Before we begin, let’s just get one thing straight:
If you have Tinnitus, it is usually a direct result of hearing loss; in other words, it’s a symptom and not a cause.
That said, to tackle your Tinnitus, you actually want to tackle your hearing loss, which in turn will ease the symptoms of Tinnitus and in some cases eradicate it.
Going back to basics
To understand how hearing aids can relieve Tinnitus, you’d be smart to know why Tinnitus is at all related to hearing loss in the first place.
(And we’ll make sure it’s in a language we all understand!)
OK, so hearing loss occurs when the tiny hair cells in the inner ear become damaged, whether from exposure to loud noise, ageing, or even some medications.
Because sound is always trying to get from the ear to the brain, when it’s damaged, the brain almost tries to “make up for” the lack of sound, and it therefore produces the ringing that we have come to know and loathe as Tinnitus.
So, what has this got to do with hearing aids?
The very purpose of bilateral hearing aids (as in, one in each ear) is to mechanically aid the sound from the canal through the cochlea and on into the brain, which means there’s no need for the brain to compensate for the lack of sound.
Put simply, there’s no need for the Tinnitus to exist.
And, of course, with the advancement in modern technology, a lot of hearing aids are also fitted with a “Tinnitus Masker,” which further aids the process.
On the other hand, for patients suffering from severe Tinnitus, hearing aids alone might not be able to completely fix the problem, although they will offer some welcome relief by emitting the sounds of your environment and “overruling” the annoyance of the tenacious tinny ring.
Are there any other reasons?
In the name of keeping this blog easy going, we’re sticking to a non-medical tone, but in all honesty, it doesn’t end there.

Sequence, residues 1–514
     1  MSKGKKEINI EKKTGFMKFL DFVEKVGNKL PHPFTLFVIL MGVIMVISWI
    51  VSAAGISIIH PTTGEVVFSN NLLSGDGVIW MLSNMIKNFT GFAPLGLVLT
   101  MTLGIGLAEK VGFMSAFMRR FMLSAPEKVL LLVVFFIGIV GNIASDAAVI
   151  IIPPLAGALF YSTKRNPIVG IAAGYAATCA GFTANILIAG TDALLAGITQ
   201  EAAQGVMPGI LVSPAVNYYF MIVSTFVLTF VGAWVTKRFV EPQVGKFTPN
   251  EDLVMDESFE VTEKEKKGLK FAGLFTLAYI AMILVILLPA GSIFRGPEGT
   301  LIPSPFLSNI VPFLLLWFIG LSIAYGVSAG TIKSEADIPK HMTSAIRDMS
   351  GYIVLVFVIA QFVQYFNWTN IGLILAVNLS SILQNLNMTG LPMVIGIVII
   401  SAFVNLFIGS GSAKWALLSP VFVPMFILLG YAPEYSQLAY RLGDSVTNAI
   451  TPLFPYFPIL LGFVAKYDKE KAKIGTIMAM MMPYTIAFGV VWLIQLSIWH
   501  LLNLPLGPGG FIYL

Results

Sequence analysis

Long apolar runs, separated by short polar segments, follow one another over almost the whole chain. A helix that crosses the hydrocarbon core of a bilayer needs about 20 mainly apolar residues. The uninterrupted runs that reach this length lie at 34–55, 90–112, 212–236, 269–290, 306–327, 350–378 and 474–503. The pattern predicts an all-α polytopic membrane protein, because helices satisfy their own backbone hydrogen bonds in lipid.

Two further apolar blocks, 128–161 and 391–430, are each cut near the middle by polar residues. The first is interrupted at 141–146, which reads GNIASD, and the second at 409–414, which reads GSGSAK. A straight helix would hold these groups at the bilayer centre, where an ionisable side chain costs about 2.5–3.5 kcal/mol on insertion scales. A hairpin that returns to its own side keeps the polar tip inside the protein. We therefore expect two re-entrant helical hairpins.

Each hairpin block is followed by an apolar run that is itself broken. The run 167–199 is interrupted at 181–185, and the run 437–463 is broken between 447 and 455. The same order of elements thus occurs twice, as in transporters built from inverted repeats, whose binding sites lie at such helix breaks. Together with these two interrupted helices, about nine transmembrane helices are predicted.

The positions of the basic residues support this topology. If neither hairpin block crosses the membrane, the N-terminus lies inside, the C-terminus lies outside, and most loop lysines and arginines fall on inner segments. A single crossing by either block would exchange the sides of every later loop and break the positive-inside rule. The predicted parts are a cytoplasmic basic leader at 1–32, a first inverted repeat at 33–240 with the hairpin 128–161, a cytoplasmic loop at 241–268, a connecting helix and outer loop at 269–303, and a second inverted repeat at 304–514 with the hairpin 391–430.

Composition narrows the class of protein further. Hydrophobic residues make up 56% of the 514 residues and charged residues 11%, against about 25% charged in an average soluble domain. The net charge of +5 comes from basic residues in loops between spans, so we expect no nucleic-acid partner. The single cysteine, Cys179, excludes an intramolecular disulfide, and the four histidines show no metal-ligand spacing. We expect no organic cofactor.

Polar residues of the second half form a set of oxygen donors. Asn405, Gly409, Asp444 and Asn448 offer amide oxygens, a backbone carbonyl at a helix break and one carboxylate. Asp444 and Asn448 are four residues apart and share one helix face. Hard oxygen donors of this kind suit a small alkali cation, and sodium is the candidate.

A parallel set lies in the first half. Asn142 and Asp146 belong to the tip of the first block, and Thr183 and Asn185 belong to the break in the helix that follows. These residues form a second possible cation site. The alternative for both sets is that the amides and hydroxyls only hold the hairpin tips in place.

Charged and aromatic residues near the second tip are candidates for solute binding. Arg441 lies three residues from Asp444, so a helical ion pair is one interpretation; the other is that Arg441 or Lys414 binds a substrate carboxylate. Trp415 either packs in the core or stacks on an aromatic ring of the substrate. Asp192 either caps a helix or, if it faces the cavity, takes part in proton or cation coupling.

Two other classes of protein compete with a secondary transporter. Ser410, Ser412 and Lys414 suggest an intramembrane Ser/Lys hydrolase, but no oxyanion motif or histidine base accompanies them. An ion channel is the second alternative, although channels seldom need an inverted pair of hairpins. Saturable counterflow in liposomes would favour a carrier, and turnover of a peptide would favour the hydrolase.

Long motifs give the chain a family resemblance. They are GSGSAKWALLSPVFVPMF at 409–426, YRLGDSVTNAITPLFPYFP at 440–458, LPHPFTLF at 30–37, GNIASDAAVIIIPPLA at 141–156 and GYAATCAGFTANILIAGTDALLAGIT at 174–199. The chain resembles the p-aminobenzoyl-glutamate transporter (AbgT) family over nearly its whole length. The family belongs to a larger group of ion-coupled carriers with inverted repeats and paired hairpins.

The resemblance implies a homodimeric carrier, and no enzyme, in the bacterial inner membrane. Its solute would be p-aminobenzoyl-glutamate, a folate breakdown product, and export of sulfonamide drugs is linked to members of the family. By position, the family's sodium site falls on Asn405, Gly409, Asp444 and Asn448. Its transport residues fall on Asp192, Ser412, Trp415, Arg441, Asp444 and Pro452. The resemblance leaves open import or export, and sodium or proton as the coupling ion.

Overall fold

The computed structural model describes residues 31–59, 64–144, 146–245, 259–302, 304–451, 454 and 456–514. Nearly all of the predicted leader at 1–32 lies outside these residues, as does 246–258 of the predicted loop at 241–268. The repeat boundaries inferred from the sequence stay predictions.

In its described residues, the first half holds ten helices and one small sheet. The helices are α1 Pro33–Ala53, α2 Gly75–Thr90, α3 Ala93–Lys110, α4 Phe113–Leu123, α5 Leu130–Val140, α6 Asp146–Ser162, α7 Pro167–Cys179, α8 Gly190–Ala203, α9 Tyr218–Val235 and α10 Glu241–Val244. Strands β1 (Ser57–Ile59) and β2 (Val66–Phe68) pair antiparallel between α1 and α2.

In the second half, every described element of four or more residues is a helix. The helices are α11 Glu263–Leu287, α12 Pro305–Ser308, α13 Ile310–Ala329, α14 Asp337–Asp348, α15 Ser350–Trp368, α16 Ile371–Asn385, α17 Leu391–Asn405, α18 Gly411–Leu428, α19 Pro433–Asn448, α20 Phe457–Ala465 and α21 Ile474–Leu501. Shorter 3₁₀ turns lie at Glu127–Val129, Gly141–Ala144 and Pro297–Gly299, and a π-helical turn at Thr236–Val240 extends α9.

There are many forms of hearing aids, some better than others. For example, there’s the “open fit” hearing aids that use a very fine tube or speaker to deliver the sound, or there’s the “combination” type that comes with a sound generator. Each has their pros as well as their cons.
What do I do now?
Hearing aids, although effective, are certainly an investment. Our advice to you is to book an appointment with us (or, if you have an Audiologist who’s equally as friendly) and we’ll talk you through your options.
Call us at 281-444-9800 or fill out our contact form.
We’ll get you booked in, seen to, and kept up to speed in no time.
We hope to see you here very soon.
Dr. Lacey Brooks received a bachelor’s degree in biology and chemistry in 2003, and earned her doctorate of audiology in 2009. She completed her clinical internships and residency at various facilities within Houston Medical Center. Dr. Brooks is a professional member of the American Tinnitus Association (ATA), a fellow of the American Academy of Audiology (AAA), a member of the Texas Academy of Audiology (TAA), and is certified by the American Speech-Language-Hearing Association (ASHA). She is also the vice president of the Louisiana State University Houston Chapter Alumni Association.